MANY culinary traditions relying on herbs originated in the ancient world and reached northern Europe, including Britain, with the Romans. Forgotten during the Dark Ages, herbs were reintroduced into cultivation by the monks in the early Middle Ages and were the main flavouring, colouring and preserving agents. Even when the great spice markets of London flourished, herbs were cultivated, marketed and used in homes as very important items for the still room. Only the nineteenth-century industrial revolution brought a decline in their popularity with the mass production of synthetic flavourings.
Since the Second World War there has been a marked reawakening of interest in herbs and natural foods, which was initiated in America. When herbs are grown well the nutritional, digestive and preserving values are retained.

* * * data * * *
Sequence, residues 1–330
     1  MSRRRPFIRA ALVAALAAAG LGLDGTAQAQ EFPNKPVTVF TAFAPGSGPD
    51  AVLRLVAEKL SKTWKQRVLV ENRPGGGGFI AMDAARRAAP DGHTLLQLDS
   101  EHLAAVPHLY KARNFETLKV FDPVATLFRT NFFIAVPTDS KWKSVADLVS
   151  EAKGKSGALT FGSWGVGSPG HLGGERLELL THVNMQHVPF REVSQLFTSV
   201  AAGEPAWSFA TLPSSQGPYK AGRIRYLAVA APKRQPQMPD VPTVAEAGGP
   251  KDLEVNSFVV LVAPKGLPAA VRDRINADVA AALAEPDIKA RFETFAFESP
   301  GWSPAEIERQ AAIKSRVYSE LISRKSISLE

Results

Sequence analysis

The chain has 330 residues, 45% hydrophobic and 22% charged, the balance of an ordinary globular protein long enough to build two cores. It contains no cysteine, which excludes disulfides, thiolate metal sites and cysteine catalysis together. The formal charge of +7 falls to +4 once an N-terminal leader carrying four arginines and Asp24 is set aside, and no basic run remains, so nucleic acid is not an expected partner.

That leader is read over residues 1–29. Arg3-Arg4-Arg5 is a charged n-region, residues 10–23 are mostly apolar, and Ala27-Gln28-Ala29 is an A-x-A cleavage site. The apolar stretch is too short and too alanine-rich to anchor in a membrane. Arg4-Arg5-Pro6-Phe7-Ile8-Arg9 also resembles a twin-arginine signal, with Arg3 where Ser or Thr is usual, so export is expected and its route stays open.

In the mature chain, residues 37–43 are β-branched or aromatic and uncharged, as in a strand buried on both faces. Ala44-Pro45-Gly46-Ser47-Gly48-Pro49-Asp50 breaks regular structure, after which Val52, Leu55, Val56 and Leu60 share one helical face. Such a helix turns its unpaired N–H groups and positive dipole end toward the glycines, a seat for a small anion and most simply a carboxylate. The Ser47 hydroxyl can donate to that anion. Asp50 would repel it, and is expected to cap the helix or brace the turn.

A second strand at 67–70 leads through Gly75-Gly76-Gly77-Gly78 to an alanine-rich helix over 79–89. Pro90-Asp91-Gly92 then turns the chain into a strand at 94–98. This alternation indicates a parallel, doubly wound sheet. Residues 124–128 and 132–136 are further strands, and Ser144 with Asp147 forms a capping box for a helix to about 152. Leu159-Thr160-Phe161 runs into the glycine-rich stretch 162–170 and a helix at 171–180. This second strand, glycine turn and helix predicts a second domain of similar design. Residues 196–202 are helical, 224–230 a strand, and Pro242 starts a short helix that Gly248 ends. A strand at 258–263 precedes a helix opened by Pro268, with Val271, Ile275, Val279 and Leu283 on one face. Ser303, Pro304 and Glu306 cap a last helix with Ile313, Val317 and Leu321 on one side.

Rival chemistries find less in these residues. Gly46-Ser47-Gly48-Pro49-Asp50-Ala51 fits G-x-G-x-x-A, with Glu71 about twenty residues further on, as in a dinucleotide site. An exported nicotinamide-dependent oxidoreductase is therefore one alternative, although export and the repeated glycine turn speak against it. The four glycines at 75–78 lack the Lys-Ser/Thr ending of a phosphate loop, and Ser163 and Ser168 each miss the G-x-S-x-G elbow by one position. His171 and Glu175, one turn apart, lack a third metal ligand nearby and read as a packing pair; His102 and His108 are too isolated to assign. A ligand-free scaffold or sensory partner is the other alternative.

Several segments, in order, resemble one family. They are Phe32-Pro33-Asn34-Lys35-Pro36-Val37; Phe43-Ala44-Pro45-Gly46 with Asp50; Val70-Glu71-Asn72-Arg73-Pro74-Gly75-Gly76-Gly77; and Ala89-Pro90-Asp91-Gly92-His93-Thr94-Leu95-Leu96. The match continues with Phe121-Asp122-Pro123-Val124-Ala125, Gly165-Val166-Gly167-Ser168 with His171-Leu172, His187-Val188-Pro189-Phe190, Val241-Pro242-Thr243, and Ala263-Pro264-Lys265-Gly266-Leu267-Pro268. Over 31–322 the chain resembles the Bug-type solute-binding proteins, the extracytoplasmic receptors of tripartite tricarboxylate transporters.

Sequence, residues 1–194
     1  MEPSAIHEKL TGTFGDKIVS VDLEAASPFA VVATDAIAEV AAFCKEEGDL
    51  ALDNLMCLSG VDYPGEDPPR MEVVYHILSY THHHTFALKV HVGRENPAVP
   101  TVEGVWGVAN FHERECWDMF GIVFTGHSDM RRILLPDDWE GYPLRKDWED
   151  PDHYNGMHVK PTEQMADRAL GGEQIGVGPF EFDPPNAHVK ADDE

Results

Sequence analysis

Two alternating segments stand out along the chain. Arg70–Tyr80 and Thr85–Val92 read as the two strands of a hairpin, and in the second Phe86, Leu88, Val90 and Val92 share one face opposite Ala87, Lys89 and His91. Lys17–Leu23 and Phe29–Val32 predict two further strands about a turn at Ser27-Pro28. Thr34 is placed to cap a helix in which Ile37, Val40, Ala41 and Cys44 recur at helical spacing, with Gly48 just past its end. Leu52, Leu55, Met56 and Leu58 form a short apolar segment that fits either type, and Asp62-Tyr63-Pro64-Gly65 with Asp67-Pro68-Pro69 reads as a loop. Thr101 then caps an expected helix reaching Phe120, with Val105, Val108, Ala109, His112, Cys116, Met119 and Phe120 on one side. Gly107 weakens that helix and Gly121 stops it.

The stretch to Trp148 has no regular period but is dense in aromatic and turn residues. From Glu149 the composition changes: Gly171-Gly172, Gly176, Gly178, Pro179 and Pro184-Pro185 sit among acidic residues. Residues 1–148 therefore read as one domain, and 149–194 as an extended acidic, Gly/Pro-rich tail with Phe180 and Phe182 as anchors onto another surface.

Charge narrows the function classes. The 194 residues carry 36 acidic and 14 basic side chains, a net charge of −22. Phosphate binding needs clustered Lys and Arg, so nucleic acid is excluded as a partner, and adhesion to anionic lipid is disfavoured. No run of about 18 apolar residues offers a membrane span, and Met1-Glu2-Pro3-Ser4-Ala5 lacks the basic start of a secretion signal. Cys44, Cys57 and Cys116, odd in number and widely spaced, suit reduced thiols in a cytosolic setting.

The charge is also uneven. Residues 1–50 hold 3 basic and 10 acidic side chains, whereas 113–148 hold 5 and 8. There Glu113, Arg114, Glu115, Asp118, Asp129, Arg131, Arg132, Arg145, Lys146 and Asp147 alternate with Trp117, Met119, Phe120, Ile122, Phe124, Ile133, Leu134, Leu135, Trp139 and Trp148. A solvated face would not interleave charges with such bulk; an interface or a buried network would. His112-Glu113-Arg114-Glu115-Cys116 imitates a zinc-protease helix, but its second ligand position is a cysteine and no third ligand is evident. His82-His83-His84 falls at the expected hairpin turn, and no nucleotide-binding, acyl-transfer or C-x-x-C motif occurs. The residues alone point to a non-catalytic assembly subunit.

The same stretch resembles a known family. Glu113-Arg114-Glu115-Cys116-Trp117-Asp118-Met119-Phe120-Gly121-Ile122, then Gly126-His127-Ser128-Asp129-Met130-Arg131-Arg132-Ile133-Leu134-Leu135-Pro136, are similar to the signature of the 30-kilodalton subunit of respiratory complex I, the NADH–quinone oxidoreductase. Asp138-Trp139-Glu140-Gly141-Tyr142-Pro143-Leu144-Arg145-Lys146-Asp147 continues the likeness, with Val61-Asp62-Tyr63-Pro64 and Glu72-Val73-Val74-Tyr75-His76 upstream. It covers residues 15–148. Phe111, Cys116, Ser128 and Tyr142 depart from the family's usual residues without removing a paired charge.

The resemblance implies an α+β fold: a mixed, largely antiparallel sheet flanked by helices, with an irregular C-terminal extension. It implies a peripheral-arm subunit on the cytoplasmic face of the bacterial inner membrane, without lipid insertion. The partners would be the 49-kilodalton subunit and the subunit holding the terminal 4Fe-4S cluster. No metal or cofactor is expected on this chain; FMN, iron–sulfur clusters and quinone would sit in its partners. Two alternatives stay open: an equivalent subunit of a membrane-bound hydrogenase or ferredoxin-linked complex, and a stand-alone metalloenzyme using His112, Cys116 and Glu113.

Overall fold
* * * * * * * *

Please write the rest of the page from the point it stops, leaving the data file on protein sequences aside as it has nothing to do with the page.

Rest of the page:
In the past, on both sides of the Atlantic, culinary herbs and vegetables were grown together in the kitchen garden. But twentieth-century gardeners have developed a love for decorative herb gardens, where ‘sweet’ herbs grow alongside ‘pot’ herbs and where numerous plants that had almost been forgotten have been brought back into cultivation.
All cooks have their own ideas about which herbs to use, but some herbs have an almost classical affinity with certain foods — these are listed in the following catalogue of culinary herbs. Often a small bunch of several sprigs of different herbs may be added to a dish, by tying them with cotton and allowing the bunch to float in the pan or dish during cooking time, and then removing it before serving. Chopped fresh herbs can be added to salads or sauces, or mixed into cream cheeses, or even be incorporated into herb butters. Vinegars may be flavoured with herbs, or in some instances coloured by them — chive flowers for example, turn vinegar a pretty pink.